A lot of experts suggest traveling alone even at least once in a lifetime—girls included—as it is extremely good for the mind and the soul. However, the ladies are of a special lot when it comes to topics such as this. For one, women are more prone to danger.
As a woman, you should not stop the different kinds of violence and tragedies happening all over the world from traveling alone. But you can take some precautions to ensure your safety and enjoy traveling:
1. Avoid being spontaneous. It is okay to be spontaneous or “not plan” where to go and what to do. But do this only when you are quite familiar with the place. Otherwise, plan ahead. Of course, you will never know what to expect regardless of how many times you have been there, but it is still a lot better to come prepared. Find out more about your chosen locations: the best times to walk around, the ideal modes of transport for solo travelers, the areas you should avoid as much as possible, etc.
2. Travel light. This is going to be quite hard to do for you, as you probably do not want to leave a lot of your great clothes behind. But there are many benefits of having only a few bags to tag along. First, you worry less since you do not need to keep an eye on a lot of things. Second, when you have to leave a hotel or a place as soon as possible because you do not feel safe anymore, you can do so.
3. Dress appropriately. Contrary to popular belief, tourists are often very easy to spot by the locals. You just do not move or act the way they do. However, it is still more recommendable if you can try to blend in. One of the best ways is to dress accordingly. Some countries are pretty conservative, and they are uncomfortable seeing women who walk around in shorts and spaghetti straps. In Thailand, you are not allowed to enter any of their temples wearing sleeveless tees and blouses. Dressing right also makes you harder to spot by the local criminals.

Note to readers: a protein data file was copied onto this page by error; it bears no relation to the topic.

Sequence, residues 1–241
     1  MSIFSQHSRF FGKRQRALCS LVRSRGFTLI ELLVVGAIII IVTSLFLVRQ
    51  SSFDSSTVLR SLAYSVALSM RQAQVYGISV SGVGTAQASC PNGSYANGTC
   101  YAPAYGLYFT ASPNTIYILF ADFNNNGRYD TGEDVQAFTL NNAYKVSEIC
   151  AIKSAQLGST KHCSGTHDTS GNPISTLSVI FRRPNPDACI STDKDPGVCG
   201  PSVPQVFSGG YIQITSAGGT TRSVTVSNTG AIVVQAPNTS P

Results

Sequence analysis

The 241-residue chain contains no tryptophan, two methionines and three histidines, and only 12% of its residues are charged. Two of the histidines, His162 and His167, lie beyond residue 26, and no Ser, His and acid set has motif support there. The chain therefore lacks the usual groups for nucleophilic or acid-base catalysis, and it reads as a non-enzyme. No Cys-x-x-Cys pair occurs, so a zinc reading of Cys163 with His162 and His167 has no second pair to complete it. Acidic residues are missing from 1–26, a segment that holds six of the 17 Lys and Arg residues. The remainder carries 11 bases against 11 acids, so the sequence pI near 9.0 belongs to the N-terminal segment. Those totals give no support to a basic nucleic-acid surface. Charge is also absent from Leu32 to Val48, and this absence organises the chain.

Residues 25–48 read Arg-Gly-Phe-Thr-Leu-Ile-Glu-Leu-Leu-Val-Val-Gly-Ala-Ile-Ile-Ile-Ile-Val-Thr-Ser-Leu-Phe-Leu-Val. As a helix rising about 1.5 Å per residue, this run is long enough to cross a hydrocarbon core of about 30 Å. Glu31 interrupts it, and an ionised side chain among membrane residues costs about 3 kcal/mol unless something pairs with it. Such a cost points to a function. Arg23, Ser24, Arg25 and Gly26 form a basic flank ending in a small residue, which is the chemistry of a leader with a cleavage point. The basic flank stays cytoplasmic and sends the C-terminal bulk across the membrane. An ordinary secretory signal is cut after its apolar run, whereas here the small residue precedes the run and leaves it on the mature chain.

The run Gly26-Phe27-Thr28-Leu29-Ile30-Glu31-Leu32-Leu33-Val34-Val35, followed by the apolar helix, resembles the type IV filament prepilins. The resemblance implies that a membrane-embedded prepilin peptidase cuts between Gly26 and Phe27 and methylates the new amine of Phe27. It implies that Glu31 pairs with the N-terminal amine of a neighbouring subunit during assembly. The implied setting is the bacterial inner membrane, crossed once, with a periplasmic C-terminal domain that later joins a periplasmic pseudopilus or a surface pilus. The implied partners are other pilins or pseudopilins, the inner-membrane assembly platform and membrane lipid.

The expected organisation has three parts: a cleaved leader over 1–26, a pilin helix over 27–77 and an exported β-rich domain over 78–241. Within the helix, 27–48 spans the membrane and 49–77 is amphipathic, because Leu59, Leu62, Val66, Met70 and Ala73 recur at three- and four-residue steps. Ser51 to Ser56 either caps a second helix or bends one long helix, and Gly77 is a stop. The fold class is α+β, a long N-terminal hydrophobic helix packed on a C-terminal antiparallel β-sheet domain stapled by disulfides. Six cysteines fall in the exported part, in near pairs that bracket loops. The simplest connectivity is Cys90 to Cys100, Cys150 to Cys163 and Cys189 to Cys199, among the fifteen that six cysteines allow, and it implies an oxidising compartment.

4. Keep those hotline numbers on speed dial. One of the things you should research before you land or travel is numbers of the police, fire, and a number of hospitals that are close to where you are staying or planning to visit. Again, you will never know what is going to happen. It’s best if you can ask for help at any time. You can even save them on speed dial since you’re likely to forget long numbers when in a state of panic or worry.
5. Find a companion. Traveling alone doesn’t have to mean all by your lonesome all throughout. There are a lot of great Internet boards and sites where you can find travel companions who live in the area you’re going to visit. They can act as your local guides and provide another kind of experience—traveling with a new found friend, that is.
Raivis Binde is founder and chief editor of SoloTurist. He writes a travel dating blog to help people find each other who hate to travel alone.